Applicants can decide between different topics for the first (Monday/Tuesday) and the second (Thursday/Friday) sessions. Please note: Six of the topics are offered as one-day courses; it is possible to choose two one-day courses on Monday/Tuesday and Thursday/Friday.
Teachers: Diana Rieger & Tim Wulf
This session deals with narratives as means for extremism prevention. After a theoretical introduction into approaches of so-called counter messages, we will review extremist narratives and discuss their appeal. Thus, we set the stage to reflect on strategies and processes how narrative persuasion could be used for successful counter such messages. In interactive group work, participants will discuss practical implications to develop persuasive counter messages and then draft a storyboard sketch for a potential counter message campaign. Finally, participants will present and discuss their work with the group.
Teacher: Wienke Wannagat
Audiovisual narratives play an important role in children’s everyday lives. Books for young children are often extensively illustrated and in films, verbal information and pictures are presented simultaneously. In this session, we will discuss current research and theoretical considerations that explore if, how and why (moving) pictures affect comprehension of narratives.
Teachers: Katharina Diergarten, Benedikt Seger, & Gerhild Nieding
This session addresses the comprehension of narrative text from a developmental perspective. For this purpose, we discuss different kinds of mental representations that younger children, older children, and adults form during the reception of narrative text. As an orientation, we refer to the tripartite model (van Dijk & Kintsch), which discriminates three different levels of text representation: the text surface, the textbase, and the situation model. We also focus on embodied theories of language processing, which assume that text recipients perceptually simulates objects, situations, and events that are represented by a text. We will evaluate how these simulations can contribute to the understanding of narrative text and the development of that understanding.
Teacher: Raymond Mar
The study of how stories influence our cognition, emotion, and behavior is a fascinating and complex endeavor. In this seminar, we will discuss several of the major obstacles in study design that face researchers interested in this topic, covering a wide range of possible solutions. These include, but are not limited to, the following: (1) Story modality, (2) Lifetime exposure versus laboratory exposure, (3) Mass media stories versus researcher-created stories, (4) Story length and story excerpts, (5) Measuring in vivo influences, (6) Measuring short-term influences, (7) Measuring long-term influences, and (8) Experimental versus correlational (and archival/Big Data) approaches. A point of emphasis will be that there are few right or wrong choices, as all solutions to these various obstacles have strengths and weaknesses. The best decisions will incorporate awareness of how these strengths and weaknesses interact with specific study aims and contexts.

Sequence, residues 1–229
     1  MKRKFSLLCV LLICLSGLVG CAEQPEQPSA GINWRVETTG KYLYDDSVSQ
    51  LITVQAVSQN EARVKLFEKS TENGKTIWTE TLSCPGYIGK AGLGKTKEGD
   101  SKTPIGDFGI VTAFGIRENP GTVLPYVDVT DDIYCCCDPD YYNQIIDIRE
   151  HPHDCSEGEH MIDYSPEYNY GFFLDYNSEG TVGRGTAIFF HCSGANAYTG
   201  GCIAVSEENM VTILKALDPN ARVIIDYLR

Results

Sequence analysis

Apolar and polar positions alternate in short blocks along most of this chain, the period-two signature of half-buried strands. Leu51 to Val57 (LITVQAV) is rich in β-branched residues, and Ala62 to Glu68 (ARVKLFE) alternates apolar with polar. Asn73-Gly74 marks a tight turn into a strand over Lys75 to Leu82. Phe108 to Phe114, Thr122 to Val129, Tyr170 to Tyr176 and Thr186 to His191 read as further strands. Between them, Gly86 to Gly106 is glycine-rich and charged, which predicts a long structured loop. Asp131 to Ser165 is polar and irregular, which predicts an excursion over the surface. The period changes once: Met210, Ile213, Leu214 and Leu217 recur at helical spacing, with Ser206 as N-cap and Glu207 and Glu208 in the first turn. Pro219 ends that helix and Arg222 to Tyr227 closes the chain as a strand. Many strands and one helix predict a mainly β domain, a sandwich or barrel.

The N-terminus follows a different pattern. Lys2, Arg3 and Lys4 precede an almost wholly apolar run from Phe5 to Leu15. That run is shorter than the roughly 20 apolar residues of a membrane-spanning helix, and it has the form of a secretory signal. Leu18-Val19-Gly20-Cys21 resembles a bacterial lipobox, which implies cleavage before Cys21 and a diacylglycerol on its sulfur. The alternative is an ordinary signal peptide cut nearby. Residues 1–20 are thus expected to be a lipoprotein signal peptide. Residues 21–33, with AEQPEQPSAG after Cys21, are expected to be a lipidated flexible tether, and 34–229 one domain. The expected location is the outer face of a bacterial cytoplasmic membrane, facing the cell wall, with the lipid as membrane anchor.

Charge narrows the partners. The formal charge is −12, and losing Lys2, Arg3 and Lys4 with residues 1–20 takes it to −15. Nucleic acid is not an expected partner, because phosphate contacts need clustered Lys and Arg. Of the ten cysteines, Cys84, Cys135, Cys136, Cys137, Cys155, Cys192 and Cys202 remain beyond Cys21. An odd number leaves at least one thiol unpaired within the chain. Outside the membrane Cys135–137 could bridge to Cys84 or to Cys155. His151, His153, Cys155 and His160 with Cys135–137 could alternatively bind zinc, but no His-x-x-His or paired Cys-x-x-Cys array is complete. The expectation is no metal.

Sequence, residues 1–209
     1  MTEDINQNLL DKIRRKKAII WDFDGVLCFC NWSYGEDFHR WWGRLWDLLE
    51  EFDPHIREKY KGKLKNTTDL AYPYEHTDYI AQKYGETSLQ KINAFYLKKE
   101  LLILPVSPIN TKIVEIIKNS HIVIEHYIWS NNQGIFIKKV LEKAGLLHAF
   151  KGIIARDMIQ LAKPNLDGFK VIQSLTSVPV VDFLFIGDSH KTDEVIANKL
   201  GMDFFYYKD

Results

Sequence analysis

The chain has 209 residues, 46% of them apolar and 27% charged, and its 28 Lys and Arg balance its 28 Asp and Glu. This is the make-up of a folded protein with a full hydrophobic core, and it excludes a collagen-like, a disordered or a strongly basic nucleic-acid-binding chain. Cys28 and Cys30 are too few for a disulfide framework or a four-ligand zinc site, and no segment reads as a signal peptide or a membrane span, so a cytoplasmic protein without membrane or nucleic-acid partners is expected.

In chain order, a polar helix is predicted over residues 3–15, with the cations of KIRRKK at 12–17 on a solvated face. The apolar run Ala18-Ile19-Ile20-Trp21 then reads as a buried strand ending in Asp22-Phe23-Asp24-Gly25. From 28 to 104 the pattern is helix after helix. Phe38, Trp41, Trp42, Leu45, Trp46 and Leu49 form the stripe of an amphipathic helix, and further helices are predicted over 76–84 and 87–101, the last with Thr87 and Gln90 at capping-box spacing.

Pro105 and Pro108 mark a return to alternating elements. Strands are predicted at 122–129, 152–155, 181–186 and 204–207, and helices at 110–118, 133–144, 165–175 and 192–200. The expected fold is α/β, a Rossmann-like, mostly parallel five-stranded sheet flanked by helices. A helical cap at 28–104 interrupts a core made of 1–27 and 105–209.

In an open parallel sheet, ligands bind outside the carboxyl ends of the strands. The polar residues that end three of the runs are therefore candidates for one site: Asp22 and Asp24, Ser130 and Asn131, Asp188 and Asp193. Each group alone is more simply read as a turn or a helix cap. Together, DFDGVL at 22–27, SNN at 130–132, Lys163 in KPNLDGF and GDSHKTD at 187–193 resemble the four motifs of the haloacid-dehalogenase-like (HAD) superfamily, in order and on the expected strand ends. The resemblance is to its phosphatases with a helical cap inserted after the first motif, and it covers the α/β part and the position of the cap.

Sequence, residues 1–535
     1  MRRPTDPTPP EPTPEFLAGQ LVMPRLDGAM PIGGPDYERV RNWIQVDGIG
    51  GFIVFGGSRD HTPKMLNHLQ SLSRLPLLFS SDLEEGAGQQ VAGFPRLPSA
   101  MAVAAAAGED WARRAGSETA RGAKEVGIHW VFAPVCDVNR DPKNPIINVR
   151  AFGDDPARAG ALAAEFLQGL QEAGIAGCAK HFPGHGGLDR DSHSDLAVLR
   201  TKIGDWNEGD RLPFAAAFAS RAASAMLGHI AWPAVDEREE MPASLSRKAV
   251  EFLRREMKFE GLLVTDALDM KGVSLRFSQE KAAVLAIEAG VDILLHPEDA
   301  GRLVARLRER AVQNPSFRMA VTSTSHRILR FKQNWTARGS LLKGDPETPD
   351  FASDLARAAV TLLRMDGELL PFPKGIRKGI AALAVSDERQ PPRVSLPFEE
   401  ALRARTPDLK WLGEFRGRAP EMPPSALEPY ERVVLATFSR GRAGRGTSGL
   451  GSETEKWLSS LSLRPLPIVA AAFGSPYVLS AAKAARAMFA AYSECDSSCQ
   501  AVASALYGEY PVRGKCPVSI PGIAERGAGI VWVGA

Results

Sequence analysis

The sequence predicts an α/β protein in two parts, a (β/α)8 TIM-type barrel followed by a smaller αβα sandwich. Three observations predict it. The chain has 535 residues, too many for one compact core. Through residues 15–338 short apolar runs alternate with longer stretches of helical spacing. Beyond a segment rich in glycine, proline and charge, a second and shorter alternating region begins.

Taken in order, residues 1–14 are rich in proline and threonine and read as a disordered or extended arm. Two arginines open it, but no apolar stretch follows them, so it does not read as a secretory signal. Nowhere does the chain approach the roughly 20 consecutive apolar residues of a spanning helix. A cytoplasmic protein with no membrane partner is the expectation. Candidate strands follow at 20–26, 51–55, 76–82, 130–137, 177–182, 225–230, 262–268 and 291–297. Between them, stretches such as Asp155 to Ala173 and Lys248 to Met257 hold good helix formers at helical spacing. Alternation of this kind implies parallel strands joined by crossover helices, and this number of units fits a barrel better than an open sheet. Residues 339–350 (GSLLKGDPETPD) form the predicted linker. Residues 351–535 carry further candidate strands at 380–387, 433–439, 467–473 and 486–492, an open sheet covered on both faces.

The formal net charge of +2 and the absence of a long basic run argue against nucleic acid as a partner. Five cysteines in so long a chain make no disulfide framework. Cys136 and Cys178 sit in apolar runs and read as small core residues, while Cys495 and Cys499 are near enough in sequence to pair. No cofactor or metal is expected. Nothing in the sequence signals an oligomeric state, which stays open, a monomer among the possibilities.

Teacher: Christoph Mengelkamp
Narratives are well known for their persuasive effects. Further, there is evidence for narratives being easier to read than expository texts, and while reading stories, accurate real-world information is retrieved from memory. Therefore, one may expect that using so-called informative narratives will be beneficial for learning. Surprisingly, such positive effects of the narrative format have not been consistently found. On the contrary, regarding learning outcomes, some studies showed detrimental effects of presenting information in a story format, and an overconfidence into one’s knowledge was observed. In this session, we will try to explain these findings and explore some conditions under which informative narratives are or are not beneficial for learning.
Teacher: Anne Bartsch
This hot topic session focuses on eudaimonic stories and their potential to elicit empathy and prosocial responses. Research findings from several studies will be discussed that elucidate how eudaimonic stories can shift individuals’ focus from their own, egocentric concerns to empathic concern for the well-being of others, and how this change in perspective can promote prosocial outcomes. For example, research has found that eudaimonic stories can stimulate audience interest in political issues, and can elicit prosocial changes in attitudes and behavioral intentions toward stigmatized groups like homeless people or persons with mental illness or disabilities. In the hot topic session, we will explore the theoretical mechanisms behind these prosocial effects of eudaimonic stories and develop research ideas to examine their potential fruitfulness for other social causes.
Teacher: Helena Bilandzic
Stories have long been used as vehicles for moral messages, from ancient religious books to tales and contemporary films. Recently, modern television series have developed a taste for morally ambivalent characters like Walter White (Breaking Bad), Frank Underwood (House of Cards) or Dexter Morgan (Dexter) – and the audience has developed a taste for those subtly nuanced characters that are neither purely good nor purely bad. Morality has important implications for the liking of characters and the enjoyment of a story, but also for the moral outcomes in terms of an audience’s thinking, judgment and actions. In this Hot Topic Session students will acquire an overview of existing research on moral effects of stories, and connect theories of moral thinking and judgment to theories of narrative effects.
Teacher: Jan Lenhart
Stories are a broadly used means to foster children’s language skills and serve to impart knowledge across a wide range of cognitive areas. In this hot topic session, we will focus on the role of stories in children’s vocabulary development. We will discuss theoretical accounts of shared-book reading, which typically emphasize the dyadic interaction between child and adult, and we will examine available emprirical evidence.
Teacher: Birgit Lugrin
In this hot topic session, we will explore the usage of social robots in the context of storytelling. Social robots are designed to interact with people in a natural, interpersonal manner. We believe, that they bear great potential to serve a storytellers, as they can support the narrative via multimodal channels such as emotional facial display or gestures, as opposed to more traditional forms such as audio books. In an introductory talk, students will first learn about existing research on social robots in storytelling. In a practical session, we will implement our own story with a robot to assess the possibilities but also the workload of such an endeavor.
Afternoon Methods Workshop
Workshops on research methods (with hands-on parts) are offerend for groups of 5 to 20 participants (depending on the topic) and last one afternoon. Participants can choose between the following workshops:
Teachers: Markus Appel & Tobias Richter